On Trahant's alternate argument that he had circumstantial evidence of a discriminatory motive, the thoughtless or mean references to his age would at most raise a question relating to mixed motives. However, it is an affirmative defense in such a case to show, by a preponderance of the evidence, that there was a wholly legitimate reason for the employment decision. See Price Waterhouse v. Hopkins, 490 U.S. 228 (1989). Therefore, even if Trahant showed that Royal demonstrated an age bias on some occasions, Royal would still be entitled to summary judgment if there were no genuine issue that it would have made the same employment decision anyway. Compare Geier v. Medtronic, Inc., 99 F.3d 238, 241 (7th Cir. 1996) (granting employer summary judgment on pregnancy discrimination claim), with Veprinsky v. Fluor Daniel, Inc., 87 F.3d 881, 893 (7th Cir. 1996) (denying summary judgment where employer's motive was genuinely at issue). On this record, Royal has demonstrated convincingly that it would have fired Trahant no matter what his age. We also agree with the district court that the circumstances of the audit were sufficiently distinct from the comments about Trahant's age that the audit itself was not tainted by any age discrimination. See Geier, 99 F.3d at 242 (discriminatory comments must be contemporaneous with or causally linked to employment decision).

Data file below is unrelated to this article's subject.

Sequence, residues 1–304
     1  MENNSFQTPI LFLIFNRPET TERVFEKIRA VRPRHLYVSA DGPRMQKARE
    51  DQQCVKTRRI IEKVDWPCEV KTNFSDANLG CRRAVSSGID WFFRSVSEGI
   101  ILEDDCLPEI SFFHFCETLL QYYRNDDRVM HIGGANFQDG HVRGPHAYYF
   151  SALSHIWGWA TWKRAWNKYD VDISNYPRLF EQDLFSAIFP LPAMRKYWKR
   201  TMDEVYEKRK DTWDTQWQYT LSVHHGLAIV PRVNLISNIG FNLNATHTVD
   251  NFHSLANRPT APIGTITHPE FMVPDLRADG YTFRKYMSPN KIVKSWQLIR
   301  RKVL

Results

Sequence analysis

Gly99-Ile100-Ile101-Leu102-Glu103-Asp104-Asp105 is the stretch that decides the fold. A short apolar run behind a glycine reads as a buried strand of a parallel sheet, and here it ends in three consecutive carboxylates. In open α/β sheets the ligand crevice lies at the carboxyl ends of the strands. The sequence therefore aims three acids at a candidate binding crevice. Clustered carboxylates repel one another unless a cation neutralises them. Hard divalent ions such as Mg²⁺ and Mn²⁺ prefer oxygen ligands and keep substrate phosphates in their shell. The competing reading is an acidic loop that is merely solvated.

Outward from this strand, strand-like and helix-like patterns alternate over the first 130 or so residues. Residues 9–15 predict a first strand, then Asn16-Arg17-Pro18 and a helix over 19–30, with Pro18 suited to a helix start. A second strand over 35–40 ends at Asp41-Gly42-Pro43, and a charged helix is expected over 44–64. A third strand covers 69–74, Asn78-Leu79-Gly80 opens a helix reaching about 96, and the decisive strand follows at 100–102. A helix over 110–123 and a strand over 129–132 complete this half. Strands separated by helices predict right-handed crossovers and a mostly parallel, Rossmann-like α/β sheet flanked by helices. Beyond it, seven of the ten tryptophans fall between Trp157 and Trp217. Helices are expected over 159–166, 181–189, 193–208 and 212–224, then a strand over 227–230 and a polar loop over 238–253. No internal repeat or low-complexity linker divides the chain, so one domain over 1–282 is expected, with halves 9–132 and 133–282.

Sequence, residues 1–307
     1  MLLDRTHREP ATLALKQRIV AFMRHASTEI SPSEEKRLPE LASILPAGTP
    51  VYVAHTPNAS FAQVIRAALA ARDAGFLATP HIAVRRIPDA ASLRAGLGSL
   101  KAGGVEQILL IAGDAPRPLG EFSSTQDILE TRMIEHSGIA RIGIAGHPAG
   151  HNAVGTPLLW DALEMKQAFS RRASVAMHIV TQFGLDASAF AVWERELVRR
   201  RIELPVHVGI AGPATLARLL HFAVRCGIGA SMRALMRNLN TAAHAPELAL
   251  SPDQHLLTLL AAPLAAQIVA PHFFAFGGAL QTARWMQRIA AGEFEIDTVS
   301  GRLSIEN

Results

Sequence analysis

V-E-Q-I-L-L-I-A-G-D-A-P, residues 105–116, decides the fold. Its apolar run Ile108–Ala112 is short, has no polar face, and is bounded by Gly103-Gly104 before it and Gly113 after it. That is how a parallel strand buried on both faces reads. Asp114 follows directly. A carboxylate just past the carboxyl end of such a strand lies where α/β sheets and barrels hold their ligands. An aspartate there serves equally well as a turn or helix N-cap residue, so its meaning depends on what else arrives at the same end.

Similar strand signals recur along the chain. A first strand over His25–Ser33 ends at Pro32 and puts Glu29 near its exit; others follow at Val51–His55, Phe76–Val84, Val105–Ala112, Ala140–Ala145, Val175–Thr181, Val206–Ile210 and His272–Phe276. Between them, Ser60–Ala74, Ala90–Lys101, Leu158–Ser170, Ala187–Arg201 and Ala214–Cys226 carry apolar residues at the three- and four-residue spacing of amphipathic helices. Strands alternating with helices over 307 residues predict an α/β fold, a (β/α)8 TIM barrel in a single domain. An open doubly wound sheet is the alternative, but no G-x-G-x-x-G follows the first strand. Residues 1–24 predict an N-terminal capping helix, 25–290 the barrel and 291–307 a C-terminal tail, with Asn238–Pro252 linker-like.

Last, we come to Trahant's retaliation case, which parallels Bahl's direct discrimination claim most closely. In order to establish a prima facie case of retaliation, the plaintiff must show that he engaged in statutorily protected activity, that he suffered an adverse employment action, and that there is a causal link between the protected expression and the adverse action. We must consider whether Trahant's refusal to terminate Bahl for what he believed were discriminatory reasons caused him to suffer an adverse employment action. Again, we agree with the district court that the answer is no. While it is true that Driscoll was disturbed by Trahant's efforts to defend Bahl's job performance and that Driscoll and others made inappropriate remarks about Bahl, Trahant was fired after the audit, and only after being given a chance to explain what he would do to bring the office into compliance. The audit itself was not an "adverse action" that would support Trahant's theory of retaliation, nor does the record otherwise show any causal link between Trahant's refusal to go along with the perceived discrimination against Bahl and his own termination.
We therefore AFFIRM the judgment of the district court.